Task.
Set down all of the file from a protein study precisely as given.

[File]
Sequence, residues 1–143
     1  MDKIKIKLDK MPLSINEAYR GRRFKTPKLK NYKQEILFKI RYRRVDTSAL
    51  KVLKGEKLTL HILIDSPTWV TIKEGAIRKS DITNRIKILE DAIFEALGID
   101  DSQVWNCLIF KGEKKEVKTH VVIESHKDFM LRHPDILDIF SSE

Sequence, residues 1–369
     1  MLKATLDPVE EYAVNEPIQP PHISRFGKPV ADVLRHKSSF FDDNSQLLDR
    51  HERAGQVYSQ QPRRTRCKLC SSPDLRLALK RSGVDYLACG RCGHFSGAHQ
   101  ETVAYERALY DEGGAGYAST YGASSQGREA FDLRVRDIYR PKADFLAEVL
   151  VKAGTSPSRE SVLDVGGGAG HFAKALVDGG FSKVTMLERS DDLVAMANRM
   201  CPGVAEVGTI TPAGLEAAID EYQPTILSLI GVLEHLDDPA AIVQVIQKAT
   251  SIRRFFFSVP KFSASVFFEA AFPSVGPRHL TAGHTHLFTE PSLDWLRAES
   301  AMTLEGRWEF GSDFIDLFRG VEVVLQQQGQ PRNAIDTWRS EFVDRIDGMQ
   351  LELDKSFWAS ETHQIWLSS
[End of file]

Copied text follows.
Sequence, residues 1–143
     1  MDKIKIKLDK MPLSINEAYR GRRFKTPKLK NYKQEILFKI RYRRVDTSAL
    51  KVLKGEKLTL HILIDSPTWV TIKEGAIRKS DITNRIKILE DAIFEALGID
   101  DSQVWNCLIF KGEKKEVKTH VVIESHKDFM LRHPDILDIF SSE

Sequence, residues 1–369
     1  MLKATLDPVE EYAVNEPIQP PHISRFGKPV ADVLRHKSSF FDDNSQLLDR
    51  HERAGQVYSQ QPRRTRCKLC SSPDLRLALK RSGVDYLACG RCGHFSGAHQ
   101  ETVAYERALY DEGGAGYAST YGASSQGREA FDLRVRDIYR PKADFLAEVL
   151  VKAGTSPSRE SVLDVGGGAG HFAKALVDGG FSKVTMLERS DDLVAMANRM
   201  CPGVAEVGTI TPAGLEAAID EYQPTILSLI GVLEHLDDPA AIVQVIQKAT
   251  SIRRFFFSVP KFSASVFFEA AFPSVGPRHL TAGHTHLFTE PSLDWLRAES
   301  AMTLEGRWEF GSDFIDLFRG VEVVLQQQGQ PRNAIDTWRS EFVDRIDGMQ
   351  LELDKSFWAS ETHQIWLSS